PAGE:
Rajai Davis, CF: In 2011, Rajai Davis played of course…center field. And of course his numbers weren’t bad. In 2011, Davis had 2 assists and 2 errors. He wasn’t a Gold Glove center fielder but he was just what the Toronto Blue Jays needed, for now.
Jose Bautista, RF: A lot of talk had went around Jose Bautista about his bat but right now we are just going to focus on his defense which of course was pretty good. In 2011, he had 13 assists and turned 5 double plays while racking up 6 errors on the season. He may have been almost perfect on offense, but on defense he showed that he was just an average player.
Bottom Line: The Blue Jays outfield is pretty solid especially since they have speed in such a big ball park. They just need to play their outfielders more. Other than that, they’re all right.
New York Yankees
Brett Gardner, LF: In The AL East, the glue that held the outfield was the center fielder…and while Gardner is technically a center fielder he held the glue while he was in left field. Gardner was easily one of baseball’s best outfielders and while he platooned with Andruw Jones in the beginning of the season, Gardner showed everyone that he was Gold Glove material. Sure, Gardner had 7 assists, made 5 double plays and comitted 3 errors but because of his speed he was able to save a lot of runs for the Yankees, while making stellar catches as he does it.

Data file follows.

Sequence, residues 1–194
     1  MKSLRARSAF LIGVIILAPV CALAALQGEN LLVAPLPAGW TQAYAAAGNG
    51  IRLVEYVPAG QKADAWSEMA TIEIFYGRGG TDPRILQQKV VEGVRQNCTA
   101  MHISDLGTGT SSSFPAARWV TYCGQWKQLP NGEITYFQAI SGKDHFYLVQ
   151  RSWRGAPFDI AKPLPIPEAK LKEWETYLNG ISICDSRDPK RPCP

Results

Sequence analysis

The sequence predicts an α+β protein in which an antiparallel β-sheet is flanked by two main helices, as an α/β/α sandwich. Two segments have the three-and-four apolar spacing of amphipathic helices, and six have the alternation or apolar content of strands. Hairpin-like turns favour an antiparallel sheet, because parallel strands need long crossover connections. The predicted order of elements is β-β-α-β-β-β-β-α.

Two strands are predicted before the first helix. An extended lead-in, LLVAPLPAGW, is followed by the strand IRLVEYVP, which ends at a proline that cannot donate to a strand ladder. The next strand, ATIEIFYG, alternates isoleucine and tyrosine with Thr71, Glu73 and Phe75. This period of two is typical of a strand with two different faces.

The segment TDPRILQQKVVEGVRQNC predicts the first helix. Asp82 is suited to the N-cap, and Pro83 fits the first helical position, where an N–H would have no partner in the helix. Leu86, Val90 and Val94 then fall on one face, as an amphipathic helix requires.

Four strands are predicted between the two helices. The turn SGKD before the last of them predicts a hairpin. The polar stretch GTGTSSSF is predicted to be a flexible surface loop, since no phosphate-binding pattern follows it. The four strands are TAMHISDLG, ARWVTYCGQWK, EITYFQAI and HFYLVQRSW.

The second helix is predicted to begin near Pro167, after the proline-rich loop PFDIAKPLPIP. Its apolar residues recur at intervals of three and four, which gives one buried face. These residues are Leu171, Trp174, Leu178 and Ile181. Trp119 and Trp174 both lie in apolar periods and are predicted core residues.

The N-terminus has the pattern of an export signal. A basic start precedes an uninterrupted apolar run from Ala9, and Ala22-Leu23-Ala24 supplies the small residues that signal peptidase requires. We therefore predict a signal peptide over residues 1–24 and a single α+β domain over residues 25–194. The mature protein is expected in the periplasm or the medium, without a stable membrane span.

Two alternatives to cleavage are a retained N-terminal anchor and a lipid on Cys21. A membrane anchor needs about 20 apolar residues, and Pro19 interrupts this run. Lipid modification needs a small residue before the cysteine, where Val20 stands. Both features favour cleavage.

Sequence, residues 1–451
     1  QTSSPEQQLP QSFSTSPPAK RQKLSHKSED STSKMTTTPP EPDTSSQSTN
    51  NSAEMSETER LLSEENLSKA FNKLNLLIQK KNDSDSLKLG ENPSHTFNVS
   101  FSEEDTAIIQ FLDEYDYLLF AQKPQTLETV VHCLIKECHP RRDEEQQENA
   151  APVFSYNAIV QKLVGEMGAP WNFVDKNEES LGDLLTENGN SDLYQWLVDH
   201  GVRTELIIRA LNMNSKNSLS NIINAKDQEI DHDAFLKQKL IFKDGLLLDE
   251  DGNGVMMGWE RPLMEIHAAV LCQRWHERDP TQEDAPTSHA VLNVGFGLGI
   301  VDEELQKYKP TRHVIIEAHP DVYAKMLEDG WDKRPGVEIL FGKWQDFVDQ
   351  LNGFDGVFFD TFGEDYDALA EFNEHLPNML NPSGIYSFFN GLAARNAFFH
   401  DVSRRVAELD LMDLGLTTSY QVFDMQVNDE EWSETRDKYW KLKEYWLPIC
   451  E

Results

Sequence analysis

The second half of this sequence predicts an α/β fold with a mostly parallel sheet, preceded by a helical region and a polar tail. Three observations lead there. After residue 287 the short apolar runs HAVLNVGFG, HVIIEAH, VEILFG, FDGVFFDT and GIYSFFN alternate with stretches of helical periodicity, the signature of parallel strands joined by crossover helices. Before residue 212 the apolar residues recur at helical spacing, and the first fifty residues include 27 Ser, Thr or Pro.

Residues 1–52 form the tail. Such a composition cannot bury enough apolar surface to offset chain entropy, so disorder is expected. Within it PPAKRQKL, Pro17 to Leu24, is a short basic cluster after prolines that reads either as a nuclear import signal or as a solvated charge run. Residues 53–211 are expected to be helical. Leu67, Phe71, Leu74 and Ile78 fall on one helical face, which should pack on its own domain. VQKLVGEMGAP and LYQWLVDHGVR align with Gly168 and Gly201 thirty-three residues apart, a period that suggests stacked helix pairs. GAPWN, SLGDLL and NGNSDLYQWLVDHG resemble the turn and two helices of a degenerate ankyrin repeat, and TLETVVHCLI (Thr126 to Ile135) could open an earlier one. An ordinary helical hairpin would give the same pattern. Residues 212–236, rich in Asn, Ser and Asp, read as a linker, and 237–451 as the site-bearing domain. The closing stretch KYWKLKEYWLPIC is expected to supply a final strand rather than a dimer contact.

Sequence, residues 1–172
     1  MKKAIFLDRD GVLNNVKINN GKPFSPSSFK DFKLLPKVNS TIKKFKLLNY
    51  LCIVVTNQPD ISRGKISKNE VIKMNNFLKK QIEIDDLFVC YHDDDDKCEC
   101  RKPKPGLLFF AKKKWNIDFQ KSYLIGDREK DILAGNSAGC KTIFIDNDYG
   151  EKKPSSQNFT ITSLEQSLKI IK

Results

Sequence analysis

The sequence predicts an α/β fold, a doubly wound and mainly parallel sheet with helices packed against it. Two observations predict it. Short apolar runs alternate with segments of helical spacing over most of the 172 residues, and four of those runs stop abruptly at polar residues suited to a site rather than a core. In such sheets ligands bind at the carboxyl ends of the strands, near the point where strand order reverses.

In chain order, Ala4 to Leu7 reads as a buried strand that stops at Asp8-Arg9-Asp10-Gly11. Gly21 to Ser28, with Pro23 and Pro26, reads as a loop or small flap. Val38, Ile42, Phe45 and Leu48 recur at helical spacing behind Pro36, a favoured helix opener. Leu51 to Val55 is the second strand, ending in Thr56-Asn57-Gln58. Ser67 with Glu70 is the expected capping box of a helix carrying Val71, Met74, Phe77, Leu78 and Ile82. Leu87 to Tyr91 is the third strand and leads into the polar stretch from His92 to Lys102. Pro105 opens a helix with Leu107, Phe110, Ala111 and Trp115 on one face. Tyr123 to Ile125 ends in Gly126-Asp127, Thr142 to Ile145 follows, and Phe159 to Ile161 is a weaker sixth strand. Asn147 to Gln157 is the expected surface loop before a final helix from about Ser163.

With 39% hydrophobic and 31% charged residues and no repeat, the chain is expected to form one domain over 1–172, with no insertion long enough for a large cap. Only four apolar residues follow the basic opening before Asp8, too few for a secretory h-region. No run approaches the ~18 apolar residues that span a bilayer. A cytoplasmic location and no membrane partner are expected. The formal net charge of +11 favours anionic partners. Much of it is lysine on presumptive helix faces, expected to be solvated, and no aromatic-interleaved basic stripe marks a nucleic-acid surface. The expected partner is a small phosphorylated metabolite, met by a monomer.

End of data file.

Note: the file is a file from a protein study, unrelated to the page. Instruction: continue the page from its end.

Curtis Granderson, CF: Oh the Grandy Man can! And by that I mean, oh the Grandy Man can do anything. He was great in center field having 11 assists, 2 errors and made 1 double play. Granderson is also fast (but not as fast as his left field teammate) but Granderson was known more by what he was able to bring to the table offensively. Grandy did shine after all…didn’t he?
Nick Swisher, RF: Nick Swisher had a good year in right field, considering that fans thought that Nick Swisher wasn’t as good defensively as he was offensively. Swisher had 9 assists, only committed 1 error and made 1 double play, but what I noticed about Swisher as time went on was when he was red hot at the plate, he was also red hot on the field. Swisher has shown us his confident side, something that he should bring to the table more often.
Bottom Line: All 3 Yankees are superstars when it comes to fielding the baseball. With their quickness, sharp skills & athleticism they have proven that a stellar defense is what turns you into an All-Star team.
So now that I listed all the AL East teams outfielders, it’s time for you to decide:
Posted on February 17, 2012, in Personal Opinion and tagged Adam Jones, B.J Upton, Baltimore Orioles, Boston Red Sox, Brett Gardner, Carl Crawford, Curtis Granderson, Darnell McDonald, Eric Thames, Jacoby Ellsbury, Jose Bautista, Matt Joyce, New York Yankees, Nick Markakis, Nick Swisher, Nolan Reimold, Rajai Davis, Sam Fuld, Tampa Bay Rays, Toronto Blue Jays. Bookmark the permalink. 9 Comments.